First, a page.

November 13, 2014
Case Study: AutoTrader motors into its new Manchester digital playground
Even in the context of a rapidly declining print market, the decision to end AutoTrader’s 37-year history as a printed magazine was not an easy one to take. At its height, Auto Trader had a circulation of 368,000, but in June 2013 the final printed copy rolled off the presses and the business began its new incarnation as a purely digital platform. Of course, this transformation was a long time in the making and had actually begun ten years earlier. By the time the print room lights went out, all of Auto Trader’s revenues had not only migrated online, but experienced significant growth too. It is Auto Trader’s growth during this process of transformation that is considered so unique in the publishing world and is proof that the business’ aspiration to be at the forefront of the digital marketplace is not just a wide-eyed intention. The website boasts 11.5million unique users, carrying out more than 140 million searches across mobile, table and desktop devices and the business is set to launch an extensive TV advertising campaign on boxing day.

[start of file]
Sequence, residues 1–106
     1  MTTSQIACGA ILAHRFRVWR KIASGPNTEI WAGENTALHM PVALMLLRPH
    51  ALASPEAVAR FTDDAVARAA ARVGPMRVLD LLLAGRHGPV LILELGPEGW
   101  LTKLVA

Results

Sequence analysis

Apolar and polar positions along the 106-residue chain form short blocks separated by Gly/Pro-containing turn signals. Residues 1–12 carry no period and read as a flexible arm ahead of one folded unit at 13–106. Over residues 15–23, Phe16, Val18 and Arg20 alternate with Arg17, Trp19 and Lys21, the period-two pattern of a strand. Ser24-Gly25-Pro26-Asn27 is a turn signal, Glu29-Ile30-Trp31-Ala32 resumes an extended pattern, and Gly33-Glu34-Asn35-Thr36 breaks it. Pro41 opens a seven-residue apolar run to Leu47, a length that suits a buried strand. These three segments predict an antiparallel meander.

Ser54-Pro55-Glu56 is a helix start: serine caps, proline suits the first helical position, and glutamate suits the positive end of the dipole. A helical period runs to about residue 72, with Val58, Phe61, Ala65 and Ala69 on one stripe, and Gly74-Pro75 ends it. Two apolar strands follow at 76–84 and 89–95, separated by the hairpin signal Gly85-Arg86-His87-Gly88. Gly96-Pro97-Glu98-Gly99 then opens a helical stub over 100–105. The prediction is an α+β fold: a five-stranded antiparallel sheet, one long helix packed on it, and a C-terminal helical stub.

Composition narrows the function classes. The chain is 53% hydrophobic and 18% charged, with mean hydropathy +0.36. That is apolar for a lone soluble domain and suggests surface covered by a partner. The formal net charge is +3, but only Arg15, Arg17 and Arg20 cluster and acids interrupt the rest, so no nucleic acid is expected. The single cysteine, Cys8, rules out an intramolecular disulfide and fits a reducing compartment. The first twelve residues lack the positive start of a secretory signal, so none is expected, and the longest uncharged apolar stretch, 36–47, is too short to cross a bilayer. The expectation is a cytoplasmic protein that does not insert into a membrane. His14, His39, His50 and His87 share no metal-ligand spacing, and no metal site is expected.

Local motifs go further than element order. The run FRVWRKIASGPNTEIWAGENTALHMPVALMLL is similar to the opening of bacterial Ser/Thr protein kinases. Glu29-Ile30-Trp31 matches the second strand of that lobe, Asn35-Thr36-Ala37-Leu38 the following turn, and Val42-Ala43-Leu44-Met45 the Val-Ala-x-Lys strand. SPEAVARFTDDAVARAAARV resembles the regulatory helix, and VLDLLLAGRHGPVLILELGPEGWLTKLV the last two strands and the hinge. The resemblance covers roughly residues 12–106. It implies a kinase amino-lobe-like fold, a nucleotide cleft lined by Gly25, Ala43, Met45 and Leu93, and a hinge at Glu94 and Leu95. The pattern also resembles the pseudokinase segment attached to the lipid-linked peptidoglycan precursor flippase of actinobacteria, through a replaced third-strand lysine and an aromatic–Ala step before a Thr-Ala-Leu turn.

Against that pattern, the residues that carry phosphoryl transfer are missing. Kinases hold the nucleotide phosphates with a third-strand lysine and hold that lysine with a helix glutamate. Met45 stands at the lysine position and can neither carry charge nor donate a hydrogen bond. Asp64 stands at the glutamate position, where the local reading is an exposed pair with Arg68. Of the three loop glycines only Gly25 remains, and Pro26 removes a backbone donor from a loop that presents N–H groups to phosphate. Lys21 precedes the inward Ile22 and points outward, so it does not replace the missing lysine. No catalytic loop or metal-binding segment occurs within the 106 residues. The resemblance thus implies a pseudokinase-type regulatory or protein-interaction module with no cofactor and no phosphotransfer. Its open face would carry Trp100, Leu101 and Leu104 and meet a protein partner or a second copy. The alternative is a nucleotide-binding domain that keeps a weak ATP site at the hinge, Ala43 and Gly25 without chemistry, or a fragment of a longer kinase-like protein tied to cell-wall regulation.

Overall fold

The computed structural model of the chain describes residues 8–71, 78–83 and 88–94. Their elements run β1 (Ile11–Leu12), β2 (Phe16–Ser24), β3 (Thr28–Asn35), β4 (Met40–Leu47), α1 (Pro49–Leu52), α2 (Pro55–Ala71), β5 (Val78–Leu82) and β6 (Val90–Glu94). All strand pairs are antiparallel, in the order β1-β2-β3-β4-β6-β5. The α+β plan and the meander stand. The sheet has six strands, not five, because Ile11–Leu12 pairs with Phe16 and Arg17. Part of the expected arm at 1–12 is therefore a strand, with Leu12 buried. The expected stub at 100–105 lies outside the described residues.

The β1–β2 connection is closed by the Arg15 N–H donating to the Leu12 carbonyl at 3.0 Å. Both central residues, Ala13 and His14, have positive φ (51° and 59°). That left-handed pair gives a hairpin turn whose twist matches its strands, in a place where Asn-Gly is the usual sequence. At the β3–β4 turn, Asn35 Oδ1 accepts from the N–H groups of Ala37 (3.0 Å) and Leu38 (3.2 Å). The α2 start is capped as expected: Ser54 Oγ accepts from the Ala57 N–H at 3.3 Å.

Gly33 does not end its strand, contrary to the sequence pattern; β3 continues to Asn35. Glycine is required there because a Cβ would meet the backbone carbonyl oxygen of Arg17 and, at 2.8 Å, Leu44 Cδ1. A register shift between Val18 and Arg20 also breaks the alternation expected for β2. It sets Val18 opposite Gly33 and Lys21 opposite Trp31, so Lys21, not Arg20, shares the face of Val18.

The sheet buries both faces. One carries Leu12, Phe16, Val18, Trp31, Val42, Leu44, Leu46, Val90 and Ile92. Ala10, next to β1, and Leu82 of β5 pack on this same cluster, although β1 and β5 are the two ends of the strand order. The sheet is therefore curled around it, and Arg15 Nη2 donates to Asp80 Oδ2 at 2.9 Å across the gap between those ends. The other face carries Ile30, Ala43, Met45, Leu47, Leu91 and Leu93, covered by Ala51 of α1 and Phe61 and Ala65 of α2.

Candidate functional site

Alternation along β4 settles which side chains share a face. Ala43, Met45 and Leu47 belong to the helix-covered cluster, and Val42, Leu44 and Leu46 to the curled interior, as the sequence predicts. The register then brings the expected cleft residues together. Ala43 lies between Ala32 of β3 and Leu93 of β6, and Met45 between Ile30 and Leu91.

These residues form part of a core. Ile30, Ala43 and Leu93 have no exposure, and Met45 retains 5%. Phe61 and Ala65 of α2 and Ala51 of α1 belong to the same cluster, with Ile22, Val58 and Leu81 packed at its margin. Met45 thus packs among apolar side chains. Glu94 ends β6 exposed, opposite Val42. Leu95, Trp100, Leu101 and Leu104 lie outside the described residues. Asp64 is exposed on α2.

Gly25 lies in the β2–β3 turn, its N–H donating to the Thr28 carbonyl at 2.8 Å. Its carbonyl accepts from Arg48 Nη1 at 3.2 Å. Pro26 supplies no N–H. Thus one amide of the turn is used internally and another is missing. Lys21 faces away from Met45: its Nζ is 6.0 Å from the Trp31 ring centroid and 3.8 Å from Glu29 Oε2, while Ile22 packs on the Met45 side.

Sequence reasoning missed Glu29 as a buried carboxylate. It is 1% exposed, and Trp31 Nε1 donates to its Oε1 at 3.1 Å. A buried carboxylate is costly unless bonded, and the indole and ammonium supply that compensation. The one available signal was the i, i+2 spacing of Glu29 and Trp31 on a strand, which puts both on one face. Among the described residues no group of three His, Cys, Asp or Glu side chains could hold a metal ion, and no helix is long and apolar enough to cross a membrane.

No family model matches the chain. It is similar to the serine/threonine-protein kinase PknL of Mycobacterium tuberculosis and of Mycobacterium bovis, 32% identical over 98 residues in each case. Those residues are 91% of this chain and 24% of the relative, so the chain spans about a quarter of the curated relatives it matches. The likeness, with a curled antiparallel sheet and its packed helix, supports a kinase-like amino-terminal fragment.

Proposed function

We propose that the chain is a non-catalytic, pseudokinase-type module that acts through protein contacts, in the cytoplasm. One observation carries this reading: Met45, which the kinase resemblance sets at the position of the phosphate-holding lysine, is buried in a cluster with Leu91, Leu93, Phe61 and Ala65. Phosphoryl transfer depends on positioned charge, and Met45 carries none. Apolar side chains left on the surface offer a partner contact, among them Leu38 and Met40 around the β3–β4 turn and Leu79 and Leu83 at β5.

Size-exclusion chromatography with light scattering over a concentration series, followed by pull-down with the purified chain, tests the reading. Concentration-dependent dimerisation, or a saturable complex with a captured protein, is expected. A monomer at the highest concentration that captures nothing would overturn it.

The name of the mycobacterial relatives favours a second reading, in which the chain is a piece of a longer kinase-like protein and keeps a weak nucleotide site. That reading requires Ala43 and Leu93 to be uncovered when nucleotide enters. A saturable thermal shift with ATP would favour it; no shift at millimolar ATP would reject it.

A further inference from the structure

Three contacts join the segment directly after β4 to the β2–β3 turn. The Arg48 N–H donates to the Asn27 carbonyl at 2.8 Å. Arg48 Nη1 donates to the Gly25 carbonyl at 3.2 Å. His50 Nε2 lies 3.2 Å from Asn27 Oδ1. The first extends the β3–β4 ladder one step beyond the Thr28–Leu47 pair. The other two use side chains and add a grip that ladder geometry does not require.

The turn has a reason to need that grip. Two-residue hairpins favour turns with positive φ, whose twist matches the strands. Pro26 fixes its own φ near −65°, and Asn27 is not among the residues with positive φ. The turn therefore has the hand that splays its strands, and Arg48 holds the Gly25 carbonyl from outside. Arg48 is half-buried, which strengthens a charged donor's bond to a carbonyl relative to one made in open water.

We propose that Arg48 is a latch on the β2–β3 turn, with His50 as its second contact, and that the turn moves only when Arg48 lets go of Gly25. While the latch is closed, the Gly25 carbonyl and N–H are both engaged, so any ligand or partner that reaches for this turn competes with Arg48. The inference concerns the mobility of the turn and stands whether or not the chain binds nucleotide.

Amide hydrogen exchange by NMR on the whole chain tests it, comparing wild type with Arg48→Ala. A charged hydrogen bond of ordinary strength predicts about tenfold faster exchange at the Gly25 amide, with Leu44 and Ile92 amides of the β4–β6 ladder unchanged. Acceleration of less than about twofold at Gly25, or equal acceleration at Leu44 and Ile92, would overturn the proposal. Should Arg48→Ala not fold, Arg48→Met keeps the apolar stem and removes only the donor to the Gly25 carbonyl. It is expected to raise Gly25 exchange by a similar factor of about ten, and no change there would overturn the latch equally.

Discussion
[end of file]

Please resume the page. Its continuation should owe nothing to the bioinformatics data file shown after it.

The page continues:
With this seismic shift in strategy, came the need to look more closely at Auto Trader’s operations too. Although a digital business, Auto Trader did not feel like one at all. This fuelled the need to create a working environment that would better reflect the company’s digital metamorphous and its very distinct visual and agile way of working.
Occupying five premises across the North West, a move to one central Manchester site was planned and Ask Development’s First Street chosen for its expansive floor plates and city location.
AutoTrader’s 600 strong team of developers and head office support staff moved into the 60,000 sq ft space which spans three floors, during May and June. The final stages of the fit-out were completed while staff moved in around them and they have adapted to a substantial environmental change with staggering ease.